stories surround almost every aspect of our lives; From our individual identities, beliefs and friendships to our families and communities. stories not only entertain us, but also teach us important life lessons. stories are powerful and beautiful tools that shape our understanding of the world. However, according to Kurt Vonnegut, a twentieth-century American writer, stories seldom tell us the truth.
Under different magnifying glasses, it was concluded that stories and myths in different cultures have a similar shape that can be divided into several main categories.
This shape can be plotted by drawing the hero's journey on a function chart achieved. One axis of the chart measures "happiness and misery" and the other axis measures "beginning and end".
all stories, a person or thing starts to exist from somewhere. His condition may be good, bad or neutral. Then things happen to the person that can be interpreted as "good" or "bad" and as the story progresses, his situation changes along the "happiness-misery" axis. The story then ends and its final form appears on the function diagram. The six main shapes are as follows:
1. From the carpet to the throne (net ascent)
2. Reaching from the Throne to the Carpet (net descent)
3. A man in a pit (fall - ascent)
4. The story of Icarus (ascent - fall)
5. Cinderella Story (Ascent - Fall - Ascent)
6. The Story of Oedipus (Fall - Ascent - Fall)
And the constant on the diagram follows the shape of the story, and in most stories the position of the main character on the diagram at the end of the story is higher than at the beginning.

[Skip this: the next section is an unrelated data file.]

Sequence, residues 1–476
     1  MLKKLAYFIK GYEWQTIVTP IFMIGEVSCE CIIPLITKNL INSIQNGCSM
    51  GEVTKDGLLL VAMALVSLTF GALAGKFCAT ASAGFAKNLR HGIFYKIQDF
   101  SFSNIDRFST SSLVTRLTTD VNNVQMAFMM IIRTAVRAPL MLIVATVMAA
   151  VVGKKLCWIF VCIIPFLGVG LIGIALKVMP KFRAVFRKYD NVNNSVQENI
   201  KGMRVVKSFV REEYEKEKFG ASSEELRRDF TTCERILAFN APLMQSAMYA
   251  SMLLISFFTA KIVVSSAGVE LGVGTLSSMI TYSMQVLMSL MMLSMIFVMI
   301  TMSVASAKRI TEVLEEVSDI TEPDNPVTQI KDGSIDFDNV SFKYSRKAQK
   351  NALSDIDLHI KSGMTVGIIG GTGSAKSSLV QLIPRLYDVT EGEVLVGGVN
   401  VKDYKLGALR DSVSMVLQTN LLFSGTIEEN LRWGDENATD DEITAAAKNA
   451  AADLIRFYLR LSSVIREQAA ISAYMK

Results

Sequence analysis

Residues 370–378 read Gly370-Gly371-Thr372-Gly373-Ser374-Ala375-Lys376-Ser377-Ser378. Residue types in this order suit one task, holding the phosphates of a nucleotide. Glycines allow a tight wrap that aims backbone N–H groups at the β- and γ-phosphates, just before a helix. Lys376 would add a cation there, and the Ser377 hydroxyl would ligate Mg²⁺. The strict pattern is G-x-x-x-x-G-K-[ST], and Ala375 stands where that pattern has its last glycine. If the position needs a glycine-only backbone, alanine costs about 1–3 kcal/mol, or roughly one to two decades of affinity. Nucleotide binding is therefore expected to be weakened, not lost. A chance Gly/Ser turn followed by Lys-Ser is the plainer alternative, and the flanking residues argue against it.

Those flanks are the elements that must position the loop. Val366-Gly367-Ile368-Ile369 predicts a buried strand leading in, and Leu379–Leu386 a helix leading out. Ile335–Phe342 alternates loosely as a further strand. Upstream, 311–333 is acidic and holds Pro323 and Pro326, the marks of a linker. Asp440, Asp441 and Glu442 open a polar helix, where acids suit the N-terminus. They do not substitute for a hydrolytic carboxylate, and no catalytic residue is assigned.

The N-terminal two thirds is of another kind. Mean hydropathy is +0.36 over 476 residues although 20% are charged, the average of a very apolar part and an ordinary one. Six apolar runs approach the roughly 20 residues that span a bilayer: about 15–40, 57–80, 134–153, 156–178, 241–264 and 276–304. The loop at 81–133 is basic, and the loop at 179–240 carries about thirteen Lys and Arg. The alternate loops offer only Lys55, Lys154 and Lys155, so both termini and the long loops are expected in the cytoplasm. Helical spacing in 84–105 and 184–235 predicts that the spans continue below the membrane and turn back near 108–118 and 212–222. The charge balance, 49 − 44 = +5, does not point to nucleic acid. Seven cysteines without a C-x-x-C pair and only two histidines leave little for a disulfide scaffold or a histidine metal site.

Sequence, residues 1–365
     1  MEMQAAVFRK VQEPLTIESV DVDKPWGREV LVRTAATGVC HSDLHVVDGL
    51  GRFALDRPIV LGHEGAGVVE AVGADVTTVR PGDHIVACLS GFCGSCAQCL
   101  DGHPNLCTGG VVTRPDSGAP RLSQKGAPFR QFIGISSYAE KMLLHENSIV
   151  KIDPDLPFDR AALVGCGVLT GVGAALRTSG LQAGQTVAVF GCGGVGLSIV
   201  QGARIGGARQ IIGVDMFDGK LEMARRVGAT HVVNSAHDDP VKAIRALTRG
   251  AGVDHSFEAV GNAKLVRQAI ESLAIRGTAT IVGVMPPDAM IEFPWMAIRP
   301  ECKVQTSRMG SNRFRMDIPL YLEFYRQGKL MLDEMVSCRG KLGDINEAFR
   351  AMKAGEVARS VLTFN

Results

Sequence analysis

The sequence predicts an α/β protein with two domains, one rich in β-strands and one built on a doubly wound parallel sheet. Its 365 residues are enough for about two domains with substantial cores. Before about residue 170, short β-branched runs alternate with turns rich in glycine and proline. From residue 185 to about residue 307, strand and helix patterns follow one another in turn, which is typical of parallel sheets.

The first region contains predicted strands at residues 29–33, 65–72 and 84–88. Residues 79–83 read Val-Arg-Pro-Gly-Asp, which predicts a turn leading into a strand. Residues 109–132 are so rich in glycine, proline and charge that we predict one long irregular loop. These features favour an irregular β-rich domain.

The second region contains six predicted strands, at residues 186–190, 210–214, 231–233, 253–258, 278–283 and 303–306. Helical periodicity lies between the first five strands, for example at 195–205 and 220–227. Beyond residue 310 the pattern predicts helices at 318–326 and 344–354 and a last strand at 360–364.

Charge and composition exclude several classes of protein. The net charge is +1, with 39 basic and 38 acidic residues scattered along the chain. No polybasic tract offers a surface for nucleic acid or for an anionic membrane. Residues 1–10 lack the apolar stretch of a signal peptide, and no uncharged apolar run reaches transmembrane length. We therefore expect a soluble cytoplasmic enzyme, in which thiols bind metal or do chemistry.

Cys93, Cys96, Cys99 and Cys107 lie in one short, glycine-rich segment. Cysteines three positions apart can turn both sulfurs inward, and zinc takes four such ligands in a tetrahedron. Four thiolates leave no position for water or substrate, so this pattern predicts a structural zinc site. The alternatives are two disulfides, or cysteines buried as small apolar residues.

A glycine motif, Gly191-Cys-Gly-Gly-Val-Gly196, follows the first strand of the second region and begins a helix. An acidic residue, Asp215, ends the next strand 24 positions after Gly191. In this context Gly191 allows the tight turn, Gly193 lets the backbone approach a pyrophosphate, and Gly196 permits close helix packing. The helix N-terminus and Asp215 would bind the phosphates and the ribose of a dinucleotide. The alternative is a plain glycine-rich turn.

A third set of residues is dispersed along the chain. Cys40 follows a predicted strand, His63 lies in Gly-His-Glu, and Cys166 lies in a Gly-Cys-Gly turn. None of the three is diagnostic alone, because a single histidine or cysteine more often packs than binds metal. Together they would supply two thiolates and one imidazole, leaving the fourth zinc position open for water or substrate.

And as a result, most stories lie. According to Venhagat, in an honest and realistic story, the line on the chart is a smooth line.
In a story like this, things continue to happen and the characters change, but whether what happened is absolutely good or bad is unclear. One of the stories that Venhgat cites as an example of a straightforward story is Hamlet Shakespeare. To this day, Hamlet is known as one of the best and most famous literary works in history. In this play, events also take place and the story goes through its normal process, but none of these events are absolutely good or bad, so at the end of the play, the audience can not conclude in this regard. For Venhgat, such a story is the most representative of reality. It is quoted from Venhgat:
we are seldom told the truth. In Hamlet, Shakespeare tells us that our knowledge of life is not high enough to distinguish between good news and bad news. One of the storytelling media that inadvertently fits this theory is the television series Is. The goal of a series is to keep its audience watching as much as possible. Each episode should be engaging enough for the viewer to watch to the end, but at the same time it should remain unresolved to motivate the viewer to watch the next episode. For these serials, seasons or years go by, and the viewer is so interested in them that they watch all their episodes.